Legal Structure and Risk Control of Artificial Intelligence (AI) Technology in Japan : Expertise and Political Decisions

Legal structure and risk control of AI are more and more developed and evolving in many countries including Japan. However, there has been little debate on the question of using experts for important decisions related to the utilization of AI technology. And when to use the experts at the administrative stage or in the parliament in the form of legislation. Plus, there is a situation in which policy issues on AI are determined without much discussion in the legislative process. This paper discusses the governance of risk control of AI in the context of utilizing the expertise. Technologies of AI should be decided with experts before making guidelines or legislation to balance the risk of AI technology utilization and AI utilizing society (Society 5.0 in Japan). Then, to verify the regulation, the importance of keeping the transparency in the decision-making process should also be kept. This paper introduces the cases of Japan.

Does digitalisation create a new type of public law?

This paper discusses the impact of digitalisation on public law – focussing on structural changes. It asks whether such changes are indeed observable and to what extent they are caused by digitalisation. This assessment aims at determining whether digitalisation creates, or contributes to creating, a new “type” of public law. The paper focuses on two indicators: (1) actors and (2) legal and institutional structures.
It addresses questions such as the following:
– on actors: which actors participate in law-making and in adjudication; which actors have the broadest influence on shaping the law; is there a difference in how certain actors use existing rules
– on legal and institutional structures: do we see the creation of novel institutions (including courts); does the effectiveness of existing institutions change; to what extent is normative regulation formalized or informal; are there shifts in the (perception of) coherence of certain sets of legal norms

Challenging the First Law of Robotics: Legal Considerations on the Use of Autonomous Armed Robots in Law Enforcement Operations

Although the first law of robotics formulated by Isaac Asimov in 1942 is not yet a legally binding principle, there is already an in-depth debate on the legal and ethical aspects of using Autonomous Weapon Systems on the battlefield. The considerations in this area should be supplemented with a thorough analysis of the use of artificially intelligent robots in law enforcement operations, when the use of force may sometimes lead to injury or even death of human beings. In this kind of operations, the use of force is subject to a number of restrictions related to the need to protect human life. The use of force must, therefore, be absolutely necessary and proportionate to the intended purpose and must be preceded by all possible precautionary measures. The proposed paper is intended to explain these requirements and to answer the question whether artificially intelligent robots are able to maintain the high legal standards of protection of individuals during law enforcement operations.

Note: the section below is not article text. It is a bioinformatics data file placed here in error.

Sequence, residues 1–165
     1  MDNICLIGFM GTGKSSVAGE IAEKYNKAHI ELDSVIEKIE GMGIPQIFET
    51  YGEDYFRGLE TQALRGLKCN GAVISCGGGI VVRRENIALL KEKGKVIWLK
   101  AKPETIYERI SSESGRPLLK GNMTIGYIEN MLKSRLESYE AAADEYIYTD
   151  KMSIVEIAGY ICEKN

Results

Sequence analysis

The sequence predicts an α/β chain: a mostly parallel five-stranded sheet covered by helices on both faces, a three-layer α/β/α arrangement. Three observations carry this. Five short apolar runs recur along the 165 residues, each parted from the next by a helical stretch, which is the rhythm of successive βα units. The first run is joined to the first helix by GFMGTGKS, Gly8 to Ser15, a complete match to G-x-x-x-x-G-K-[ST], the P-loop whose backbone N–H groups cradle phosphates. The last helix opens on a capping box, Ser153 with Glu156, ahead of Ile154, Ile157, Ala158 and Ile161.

Pragmatic Sustainability and Emerging Technologies

The general objective of this paper is to outline a concept of Sustainability which may respond to the risks of new technologies, typical of the Fourth Industrial Revolution, called Emerging Technologies, without jeopardizing the opportunities they present. As specific objectives, it seeks to present two approaches to Sustainability, top-down and bottom-up, and their relationship with technology in general; next, to describe the Emerging Technologies and the precautionary and promotional principles, linking them to the two approaches to Sustainability; and to make use of legal pragmatism to read the precautionary principle, in such a way that is able to support a third approach to Sustainability. In final considerations, Pragmatic Sustainability is presented as a contribution to the debate regarding the Sustainability of Emerging Technologies.

Automated decision making and administrative discretion: from the black box to the dark matter

Algorithms and big data are used more and more frequently in administrative procedures: to assess civil servants performance, to build credit systems, to allocate resources, to hire people or to profile them as recipients of public programs or to predict criminal proclivity. Automated decisions can be taken through a fully automated process or with a partial human intervention.
Different kinds of automated decisions, pertaining to different countries and jurisdictions, will be analyzed in the paper, with the main aim to discuss the different paths and evolution of algorithmic legality.
The paper will focus on three main points:
a. the structure of the automated decision process in different cases;
b. the trasparency and accountability (or lack thereof) of the framework within wich administrative discretion is exercised;
c. the width and depth of judicial review on automated decisions.